Mineralogical Analysis of the Haulani Quadrangle of the Dwarf Planet Ceres

1F.Tosi et al.
Icarus (in Press) Link to Article [https://doi.org/10.1016/j.icarus.2017.08.012]
1INAF-IAPS Istituto di Astrofisica e Planetologia Spaziali, Via del Fosso del Cavaliere, 100, I-00133 Rome, Italy
Copyright Elsevier

Ac-H-6 ‘Haulani’ is one of five quadrangles that cover the equatorial region of the dwarf planet Ceres. This quadrangle is notable for the broad, spectrally distinct ejecta that originate from the crater Haulani, which gives the name to the quadrangle. These ejecta exhibit one of the most negative (‘bluest’) visible to near infrared spectral slope observed across the entire body and have distinct color properties as seen in multispectral composite images. Besides Haulani, here we investigate a broader area that includes other surface features of interest, with an emphasis on mineralogy as inferred from data obtained by Dawn’s Visible InfraRed mapping spectrometer (VIR), combined with multispectral image products from the Dawn Framing Camera (FC) so as to enable a clear correlation with specific geologic features.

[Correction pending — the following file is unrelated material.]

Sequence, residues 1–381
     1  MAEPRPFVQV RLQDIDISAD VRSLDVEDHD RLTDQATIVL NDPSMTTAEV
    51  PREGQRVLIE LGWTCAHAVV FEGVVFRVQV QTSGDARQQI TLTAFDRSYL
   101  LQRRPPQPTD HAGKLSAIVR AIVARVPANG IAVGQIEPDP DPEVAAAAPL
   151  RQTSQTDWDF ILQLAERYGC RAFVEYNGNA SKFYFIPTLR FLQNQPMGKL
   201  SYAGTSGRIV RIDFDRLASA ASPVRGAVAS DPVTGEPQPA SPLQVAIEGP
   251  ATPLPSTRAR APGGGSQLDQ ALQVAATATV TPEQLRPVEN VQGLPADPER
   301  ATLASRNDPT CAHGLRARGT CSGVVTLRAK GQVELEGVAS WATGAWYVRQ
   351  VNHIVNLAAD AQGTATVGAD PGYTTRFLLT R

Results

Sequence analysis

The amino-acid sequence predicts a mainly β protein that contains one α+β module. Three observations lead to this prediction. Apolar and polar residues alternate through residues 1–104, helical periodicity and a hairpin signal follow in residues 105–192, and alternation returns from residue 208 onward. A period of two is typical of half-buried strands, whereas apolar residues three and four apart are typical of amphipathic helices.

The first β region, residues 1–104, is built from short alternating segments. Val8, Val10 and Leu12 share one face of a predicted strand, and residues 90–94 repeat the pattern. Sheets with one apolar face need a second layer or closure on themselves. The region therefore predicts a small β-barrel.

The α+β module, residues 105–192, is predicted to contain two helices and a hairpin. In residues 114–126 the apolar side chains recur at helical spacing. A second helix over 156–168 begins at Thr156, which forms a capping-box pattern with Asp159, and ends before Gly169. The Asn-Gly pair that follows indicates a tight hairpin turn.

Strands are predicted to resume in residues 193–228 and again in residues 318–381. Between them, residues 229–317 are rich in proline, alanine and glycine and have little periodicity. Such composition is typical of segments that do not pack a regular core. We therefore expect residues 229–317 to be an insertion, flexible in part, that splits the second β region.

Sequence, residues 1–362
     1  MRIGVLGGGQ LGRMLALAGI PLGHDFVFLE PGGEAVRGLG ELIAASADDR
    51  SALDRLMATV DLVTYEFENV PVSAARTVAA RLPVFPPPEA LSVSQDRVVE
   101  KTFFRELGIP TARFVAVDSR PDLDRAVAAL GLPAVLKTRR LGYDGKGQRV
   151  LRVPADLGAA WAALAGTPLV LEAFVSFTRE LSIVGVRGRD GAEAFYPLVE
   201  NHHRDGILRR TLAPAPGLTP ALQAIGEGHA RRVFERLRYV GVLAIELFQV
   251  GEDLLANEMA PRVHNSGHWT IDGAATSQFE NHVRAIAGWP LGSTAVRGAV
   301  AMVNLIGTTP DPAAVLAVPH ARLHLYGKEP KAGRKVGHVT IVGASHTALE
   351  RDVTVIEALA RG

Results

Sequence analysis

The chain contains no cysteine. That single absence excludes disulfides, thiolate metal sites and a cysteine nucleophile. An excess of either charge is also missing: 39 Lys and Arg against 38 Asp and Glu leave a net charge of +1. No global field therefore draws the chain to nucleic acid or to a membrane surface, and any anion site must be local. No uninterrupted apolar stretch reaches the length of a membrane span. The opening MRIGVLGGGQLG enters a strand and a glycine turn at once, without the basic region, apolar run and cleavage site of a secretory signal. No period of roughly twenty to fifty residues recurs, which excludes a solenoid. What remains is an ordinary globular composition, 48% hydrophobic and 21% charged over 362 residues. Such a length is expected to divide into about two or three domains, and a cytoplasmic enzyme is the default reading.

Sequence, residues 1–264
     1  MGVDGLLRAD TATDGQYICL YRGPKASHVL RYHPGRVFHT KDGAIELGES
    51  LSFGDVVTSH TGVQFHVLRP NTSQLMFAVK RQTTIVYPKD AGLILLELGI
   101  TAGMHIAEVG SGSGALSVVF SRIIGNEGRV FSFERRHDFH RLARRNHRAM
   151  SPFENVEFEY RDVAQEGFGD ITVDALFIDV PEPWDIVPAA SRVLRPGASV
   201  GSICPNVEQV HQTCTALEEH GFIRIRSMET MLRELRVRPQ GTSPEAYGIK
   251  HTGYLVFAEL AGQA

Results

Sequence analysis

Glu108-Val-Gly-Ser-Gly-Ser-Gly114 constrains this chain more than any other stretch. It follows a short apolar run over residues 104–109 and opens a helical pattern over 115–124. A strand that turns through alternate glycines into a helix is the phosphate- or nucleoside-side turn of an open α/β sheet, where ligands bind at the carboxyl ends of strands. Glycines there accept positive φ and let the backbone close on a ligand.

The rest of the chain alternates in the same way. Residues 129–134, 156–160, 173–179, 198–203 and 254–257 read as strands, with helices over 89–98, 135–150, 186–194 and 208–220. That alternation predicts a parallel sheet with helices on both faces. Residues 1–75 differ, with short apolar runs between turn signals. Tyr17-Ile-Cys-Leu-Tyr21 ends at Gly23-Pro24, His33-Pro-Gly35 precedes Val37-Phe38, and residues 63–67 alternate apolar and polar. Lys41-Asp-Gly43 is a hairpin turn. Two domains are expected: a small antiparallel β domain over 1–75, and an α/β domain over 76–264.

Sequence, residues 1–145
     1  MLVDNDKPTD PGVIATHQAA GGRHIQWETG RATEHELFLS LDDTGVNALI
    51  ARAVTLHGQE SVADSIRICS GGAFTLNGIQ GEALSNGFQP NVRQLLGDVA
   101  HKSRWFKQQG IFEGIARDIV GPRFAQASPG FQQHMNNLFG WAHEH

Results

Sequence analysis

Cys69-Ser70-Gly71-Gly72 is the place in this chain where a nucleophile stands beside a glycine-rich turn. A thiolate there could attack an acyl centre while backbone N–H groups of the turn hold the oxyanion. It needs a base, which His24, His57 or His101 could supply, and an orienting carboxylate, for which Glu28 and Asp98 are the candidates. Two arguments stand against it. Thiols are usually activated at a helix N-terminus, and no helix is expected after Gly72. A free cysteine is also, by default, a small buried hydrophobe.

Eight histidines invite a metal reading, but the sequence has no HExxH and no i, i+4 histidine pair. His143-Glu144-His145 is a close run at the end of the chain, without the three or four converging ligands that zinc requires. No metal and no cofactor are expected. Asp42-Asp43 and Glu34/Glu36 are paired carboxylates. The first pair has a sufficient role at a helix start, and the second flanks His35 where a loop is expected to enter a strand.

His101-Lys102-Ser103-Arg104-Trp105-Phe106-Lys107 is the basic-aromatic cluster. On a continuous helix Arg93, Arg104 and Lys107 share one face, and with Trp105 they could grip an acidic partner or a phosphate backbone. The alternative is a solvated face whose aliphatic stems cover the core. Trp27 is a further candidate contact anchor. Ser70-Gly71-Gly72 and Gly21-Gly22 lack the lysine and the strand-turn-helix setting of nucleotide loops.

Our analysis shows that crater Haulani stands out compared to other surface features of the quadrangle. Albedo maps obtained in the near infrared range at 1.2 μm and 1.9 μm reveal that the floor and ejecta of Haulani are indeed a patchwork of bright and dark material units. Visible to near-infrared spectral slopes display negative values in crater Haulani’s floor and ejecta, which are indicative of a younger age. Spectral features centered at ∼2.7 μm and ∼3.1 μm, respectively diagnostic of magnesium-bearing phyllosilicates and ammoniated phyllosilicates, show a substantial decrease in band depth in crater Haulani’s floor and bright ejecta. Similar, but less prominent, spectral behavior is observed in other small craters of this quadrangle. There is a general trend in quadrangle Ac-H-6 for the two 2.7-μm and 3.1-μm band depths to increase from the northwest to the southeast. However, it is worth noting that the correlation between these two spectral parameters is generally strong in the Haulani crater’s area, but much weaker elsewhere, which indicates a variable degree of mixing between these two major mineral phases.


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